I am proud to endorse Meg Whitman to be the next governor of California. Meg has the conservative values, leadership skills and vision to reform state government and usher in an era of strong economic growth and prosperity. There is a lot at stake in this election. What happens in California has a direct bearing on the health of the U.S. economy. America cannot afford to have its largest state teetering on the edge of financial collapse. California needs a proven executive who has the mettle to stand up to the entrenched special interests in Sacramento and cut spending.
“Charlie Crist has shown time and again that he cannot be trusted in Washington to take on the Obama agenda because on issue after issue he actually supports that agenda. Lately it seems Charlie Crist cannot be trusted even to remain a Republican. I strongly urge him to either stay in the Republican Primary or drop out of the race. The only winners from an independent bid by Crist would be Barack Obama and Harry Reid.
Keep America Safe chair Liz Cheney was greeted at CPAC with an enthusiastic ovation before delivering a speech on national security today. She argued that Obama, wed to a campaign promise to close Gitmo, has been forced to move terrorists to American soil. She related an anecdote involving her nine year old daughter Grace: “Mom, is President Obama really trying to bring terrorists into the United States?” Yes, Cheney had to tell her daughter. (Cheney's children are apparently very perceptive. In 2004, her daughter was able to determine that Howard Dean is a “creep,” Cheney said, eliciting the laughter of the audience.)
"When I left office, there was a substantial amount of biological and chemical material unaccounted for. That is, at the end of the first Gulf War, we knew what he had. We knew what was destroyed in all the inspection processes and that was a lot. And then we bombed with the British for four days in 1998. We might have gotten it all; we might have gotten half of it; we might have gotten none of it. But we didn't know. So I thought it was prudent for the president to go to the U.N. and for the U.N.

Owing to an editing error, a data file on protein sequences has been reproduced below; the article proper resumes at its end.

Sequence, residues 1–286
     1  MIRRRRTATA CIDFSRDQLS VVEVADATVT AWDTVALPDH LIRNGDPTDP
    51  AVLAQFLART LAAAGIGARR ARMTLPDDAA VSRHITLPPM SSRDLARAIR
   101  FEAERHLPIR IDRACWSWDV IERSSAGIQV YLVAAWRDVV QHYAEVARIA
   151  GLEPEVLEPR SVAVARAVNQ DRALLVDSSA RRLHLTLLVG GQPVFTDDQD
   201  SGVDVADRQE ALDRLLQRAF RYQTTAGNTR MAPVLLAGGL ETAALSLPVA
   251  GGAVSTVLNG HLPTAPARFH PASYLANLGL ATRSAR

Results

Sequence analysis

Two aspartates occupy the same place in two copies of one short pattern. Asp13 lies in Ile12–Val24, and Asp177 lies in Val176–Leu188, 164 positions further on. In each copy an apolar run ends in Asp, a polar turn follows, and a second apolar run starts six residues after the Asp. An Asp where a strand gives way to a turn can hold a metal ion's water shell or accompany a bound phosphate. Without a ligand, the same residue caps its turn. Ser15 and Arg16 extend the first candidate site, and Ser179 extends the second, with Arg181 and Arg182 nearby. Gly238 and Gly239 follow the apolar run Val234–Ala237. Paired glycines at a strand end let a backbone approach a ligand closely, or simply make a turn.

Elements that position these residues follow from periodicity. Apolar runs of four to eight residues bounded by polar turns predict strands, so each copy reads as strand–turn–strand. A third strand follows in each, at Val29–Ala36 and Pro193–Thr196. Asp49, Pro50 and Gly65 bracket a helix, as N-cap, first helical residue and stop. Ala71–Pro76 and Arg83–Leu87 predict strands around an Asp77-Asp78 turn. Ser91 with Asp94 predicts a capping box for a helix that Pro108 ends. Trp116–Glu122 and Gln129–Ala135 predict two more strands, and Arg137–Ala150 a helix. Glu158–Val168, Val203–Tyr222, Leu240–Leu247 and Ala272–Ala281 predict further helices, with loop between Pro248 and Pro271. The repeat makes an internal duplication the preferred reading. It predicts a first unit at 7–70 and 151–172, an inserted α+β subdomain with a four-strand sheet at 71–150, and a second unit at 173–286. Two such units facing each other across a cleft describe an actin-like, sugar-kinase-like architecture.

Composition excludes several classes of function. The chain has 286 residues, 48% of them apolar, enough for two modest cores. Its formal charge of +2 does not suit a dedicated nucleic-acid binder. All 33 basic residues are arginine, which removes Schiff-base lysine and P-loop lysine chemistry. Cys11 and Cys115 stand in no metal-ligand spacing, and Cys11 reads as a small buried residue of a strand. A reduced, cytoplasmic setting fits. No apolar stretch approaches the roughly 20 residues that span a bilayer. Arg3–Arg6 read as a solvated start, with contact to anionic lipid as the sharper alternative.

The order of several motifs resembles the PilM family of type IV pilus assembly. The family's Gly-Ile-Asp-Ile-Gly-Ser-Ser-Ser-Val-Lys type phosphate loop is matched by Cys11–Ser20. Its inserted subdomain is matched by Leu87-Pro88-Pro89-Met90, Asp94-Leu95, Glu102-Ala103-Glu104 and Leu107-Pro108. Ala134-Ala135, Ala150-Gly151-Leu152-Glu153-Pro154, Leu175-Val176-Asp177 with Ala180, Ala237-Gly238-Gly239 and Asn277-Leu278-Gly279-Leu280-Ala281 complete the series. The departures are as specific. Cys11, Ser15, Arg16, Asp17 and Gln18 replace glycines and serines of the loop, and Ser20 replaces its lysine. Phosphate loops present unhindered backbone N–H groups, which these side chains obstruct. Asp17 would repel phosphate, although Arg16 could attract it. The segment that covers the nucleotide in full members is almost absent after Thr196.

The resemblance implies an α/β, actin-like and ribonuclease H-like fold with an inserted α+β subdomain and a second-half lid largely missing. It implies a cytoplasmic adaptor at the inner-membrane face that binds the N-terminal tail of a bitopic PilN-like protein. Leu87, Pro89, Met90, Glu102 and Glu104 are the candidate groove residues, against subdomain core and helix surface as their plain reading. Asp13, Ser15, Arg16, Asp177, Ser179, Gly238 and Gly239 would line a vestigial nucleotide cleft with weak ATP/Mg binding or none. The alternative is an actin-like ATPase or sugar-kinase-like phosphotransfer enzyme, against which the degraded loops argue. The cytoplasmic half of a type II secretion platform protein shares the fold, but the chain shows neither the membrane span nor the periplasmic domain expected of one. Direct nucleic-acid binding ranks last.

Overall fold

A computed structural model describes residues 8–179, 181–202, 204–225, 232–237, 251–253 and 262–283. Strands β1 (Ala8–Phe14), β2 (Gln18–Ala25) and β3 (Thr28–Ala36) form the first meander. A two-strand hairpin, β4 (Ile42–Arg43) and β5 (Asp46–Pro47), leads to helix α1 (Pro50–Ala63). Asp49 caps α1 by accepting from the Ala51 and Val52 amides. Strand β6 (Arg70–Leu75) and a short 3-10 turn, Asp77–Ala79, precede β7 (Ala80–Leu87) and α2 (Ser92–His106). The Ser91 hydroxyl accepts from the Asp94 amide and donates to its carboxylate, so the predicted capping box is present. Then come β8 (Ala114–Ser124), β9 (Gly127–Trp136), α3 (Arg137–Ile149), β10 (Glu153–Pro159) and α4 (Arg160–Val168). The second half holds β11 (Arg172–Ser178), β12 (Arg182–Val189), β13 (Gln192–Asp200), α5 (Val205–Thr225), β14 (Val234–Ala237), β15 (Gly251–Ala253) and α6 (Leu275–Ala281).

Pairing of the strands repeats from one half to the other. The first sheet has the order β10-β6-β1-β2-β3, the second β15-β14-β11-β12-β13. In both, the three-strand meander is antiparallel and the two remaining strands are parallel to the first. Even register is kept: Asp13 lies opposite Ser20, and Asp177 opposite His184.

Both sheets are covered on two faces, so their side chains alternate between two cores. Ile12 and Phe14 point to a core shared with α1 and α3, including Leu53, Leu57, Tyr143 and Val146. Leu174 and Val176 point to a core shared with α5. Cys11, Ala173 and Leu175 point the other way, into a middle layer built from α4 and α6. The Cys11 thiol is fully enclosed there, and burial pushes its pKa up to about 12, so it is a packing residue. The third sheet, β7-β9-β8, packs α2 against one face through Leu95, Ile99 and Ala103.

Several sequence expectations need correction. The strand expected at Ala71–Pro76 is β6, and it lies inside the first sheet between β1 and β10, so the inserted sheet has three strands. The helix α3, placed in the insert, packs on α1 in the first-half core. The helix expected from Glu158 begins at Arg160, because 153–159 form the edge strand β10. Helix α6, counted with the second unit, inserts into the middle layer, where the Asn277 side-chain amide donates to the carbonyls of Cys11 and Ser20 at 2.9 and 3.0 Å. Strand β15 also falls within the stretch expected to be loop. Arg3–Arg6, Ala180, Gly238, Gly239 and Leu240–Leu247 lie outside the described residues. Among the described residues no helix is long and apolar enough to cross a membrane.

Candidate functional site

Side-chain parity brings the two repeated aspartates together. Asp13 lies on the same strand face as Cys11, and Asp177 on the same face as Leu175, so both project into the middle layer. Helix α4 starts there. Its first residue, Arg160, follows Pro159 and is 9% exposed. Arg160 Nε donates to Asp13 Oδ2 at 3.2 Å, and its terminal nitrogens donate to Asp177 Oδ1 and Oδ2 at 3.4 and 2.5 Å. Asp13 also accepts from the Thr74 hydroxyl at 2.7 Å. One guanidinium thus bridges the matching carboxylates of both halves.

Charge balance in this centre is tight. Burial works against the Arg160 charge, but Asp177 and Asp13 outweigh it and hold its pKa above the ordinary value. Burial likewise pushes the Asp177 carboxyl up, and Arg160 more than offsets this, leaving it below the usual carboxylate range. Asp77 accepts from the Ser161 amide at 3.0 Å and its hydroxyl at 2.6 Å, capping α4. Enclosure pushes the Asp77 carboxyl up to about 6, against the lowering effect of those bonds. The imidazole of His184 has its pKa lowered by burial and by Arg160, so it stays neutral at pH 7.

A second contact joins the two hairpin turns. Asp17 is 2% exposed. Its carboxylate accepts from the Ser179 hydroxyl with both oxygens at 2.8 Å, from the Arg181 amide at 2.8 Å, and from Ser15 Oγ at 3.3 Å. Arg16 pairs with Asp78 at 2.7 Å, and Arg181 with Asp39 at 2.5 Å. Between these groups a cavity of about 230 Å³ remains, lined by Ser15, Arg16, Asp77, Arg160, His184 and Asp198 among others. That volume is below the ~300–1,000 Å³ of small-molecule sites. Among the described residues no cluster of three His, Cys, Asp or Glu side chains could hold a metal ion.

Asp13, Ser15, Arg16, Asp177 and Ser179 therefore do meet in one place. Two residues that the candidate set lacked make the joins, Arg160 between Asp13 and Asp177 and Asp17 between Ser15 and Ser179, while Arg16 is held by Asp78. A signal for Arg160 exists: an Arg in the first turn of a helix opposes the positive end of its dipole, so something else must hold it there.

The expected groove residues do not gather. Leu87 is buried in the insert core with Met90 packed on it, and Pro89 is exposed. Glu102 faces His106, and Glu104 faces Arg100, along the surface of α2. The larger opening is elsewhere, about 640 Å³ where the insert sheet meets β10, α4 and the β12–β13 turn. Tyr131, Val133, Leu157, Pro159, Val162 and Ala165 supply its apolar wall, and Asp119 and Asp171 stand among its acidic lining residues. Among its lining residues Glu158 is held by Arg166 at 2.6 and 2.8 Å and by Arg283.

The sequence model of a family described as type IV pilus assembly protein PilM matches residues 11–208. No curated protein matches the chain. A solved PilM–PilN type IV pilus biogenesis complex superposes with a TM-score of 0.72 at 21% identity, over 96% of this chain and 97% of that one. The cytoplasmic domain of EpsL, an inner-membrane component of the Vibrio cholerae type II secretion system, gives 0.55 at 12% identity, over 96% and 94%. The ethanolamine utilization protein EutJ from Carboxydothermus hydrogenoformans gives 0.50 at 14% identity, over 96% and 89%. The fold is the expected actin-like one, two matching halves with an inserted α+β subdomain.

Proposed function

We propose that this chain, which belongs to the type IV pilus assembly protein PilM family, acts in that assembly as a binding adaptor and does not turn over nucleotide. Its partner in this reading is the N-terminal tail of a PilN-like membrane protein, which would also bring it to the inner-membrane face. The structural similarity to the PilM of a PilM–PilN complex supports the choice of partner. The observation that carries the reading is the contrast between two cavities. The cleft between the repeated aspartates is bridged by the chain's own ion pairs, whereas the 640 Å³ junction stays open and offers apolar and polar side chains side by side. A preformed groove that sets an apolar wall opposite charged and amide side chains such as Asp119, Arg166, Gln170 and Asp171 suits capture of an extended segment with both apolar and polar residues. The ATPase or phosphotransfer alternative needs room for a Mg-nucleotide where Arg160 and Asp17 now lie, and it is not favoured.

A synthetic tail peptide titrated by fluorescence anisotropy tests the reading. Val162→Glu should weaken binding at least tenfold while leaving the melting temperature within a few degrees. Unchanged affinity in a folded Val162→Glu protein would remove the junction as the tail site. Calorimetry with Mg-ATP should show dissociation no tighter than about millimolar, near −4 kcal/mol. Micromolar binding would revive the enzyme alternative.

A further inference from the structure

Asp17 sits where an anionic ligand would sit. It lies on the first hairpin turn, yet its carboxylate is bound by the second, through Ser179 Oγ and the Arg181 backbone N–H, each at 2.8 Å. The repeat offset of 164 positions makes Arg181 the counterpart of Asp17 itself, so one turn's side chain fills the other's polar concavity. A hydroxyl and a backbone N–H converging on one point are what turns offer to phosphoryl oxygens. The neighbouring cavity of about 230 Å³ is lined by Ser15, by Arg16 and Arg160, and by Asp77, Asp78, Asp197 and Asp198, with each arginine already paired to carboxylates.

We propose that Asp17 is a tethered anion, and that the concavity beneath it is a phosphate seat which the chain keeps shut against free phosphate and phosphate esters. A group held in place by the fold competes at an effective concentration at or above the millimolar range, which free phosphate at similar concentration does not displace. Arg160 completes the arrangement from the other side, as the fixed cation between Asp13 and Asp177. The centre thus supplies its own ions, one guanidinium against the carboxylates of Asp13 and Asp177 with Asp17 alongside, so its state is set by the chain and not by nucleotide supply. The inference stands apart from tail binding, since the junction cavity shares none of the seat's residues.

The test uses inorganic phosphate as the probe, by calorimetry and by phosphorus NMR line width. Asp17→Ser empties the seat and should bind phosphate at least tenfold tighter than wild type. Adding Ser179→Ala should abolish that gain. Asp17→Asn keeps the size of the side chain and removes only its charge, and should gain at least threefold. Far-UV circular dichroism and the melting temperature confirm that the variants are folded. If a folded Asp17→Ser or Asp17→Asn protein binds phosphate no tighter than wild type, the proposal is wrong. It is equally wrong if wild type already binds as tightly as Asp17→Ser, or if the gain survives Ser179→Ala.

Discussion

WHATEVER ELSE may be said about the base of the Democratic party, it most definitely is upset with President Bush.
Democratic pollster Geoff Garin says that in his 25 years of polling he never has seen Democrats so angry with a Republican president. Veteran columnist Robert Novak writes that he hasn't seen such "pure hatred" on the part of Democrats toward a Republican president in his 44 years of campaign watching.
The Democratic activists who dominate the party's presidential primaries will pick the nominee.
I WISH MICHAEL KELLY were alive to see this day. He would have known how to savor it. I wish Ronald Reagan could be aware of the scenes being played out in Baghdad. He would know that the liberationist sentiment he rekindled in the American heart didn't die out with the liberation of eastern and central Europe.
With his optimism, Reagan revived the progressive spirit that courses through our founding Declaration, that all human beings are created equal and all are endowed by their creator with certain inalienable rights.
VICE PRESIDENT CHENEY'S staunch, detailed, and defiant defense of the president's tax plan at the Chamber of Commerce last week was not an exercise in abstract "team dynamics." It was personal. Cheney and his staff had worked aggressively to beef up tax cuts and decimate federal aid to the states. Cheney didn't turn a reluctant president around. Senior administration officials say the president leaned in those directions all along.
DEMOCRATS GOT SMART about the Trent Lott controversy too late. A few days before Lott stepped down as majority leader, prominent Democratic politicians and pundits--Rep. John Lewis, Jesse Jackson, James Carville, Lanny Davis--began saying that Lott should remain.
SOMETIMES the Washington press corps reports a story, but entirely misses its significance. This was the case with last week's naming of Elliott Abrams to the position of senior director for Near East and North African affairs on the National Security Council staff at the White House. The job makes Abrams a major player in setting policy on Israel and the Palestinians.
Bush at War
by Bob Woodward
Simon & Schuster, 349 pp., $28
The War on Terrorism from Inside the Bush White House
by Bill Sammon
Regnery, 400 pp., $27.95
LET'S GET RIGHT to the scoreboard. The winners in Bob Woodward's account of President Bush's response to the September 11, 2001, terrorist attacks are Secretary of State Colin Powell, CIA director George Tenet, and, to a lesser extent, national security adviser Condoleezza Rice and her deputy, Stephen Hadley. And Bush himself, who Woodward believes figured out quickly how to be an effective commander in chief.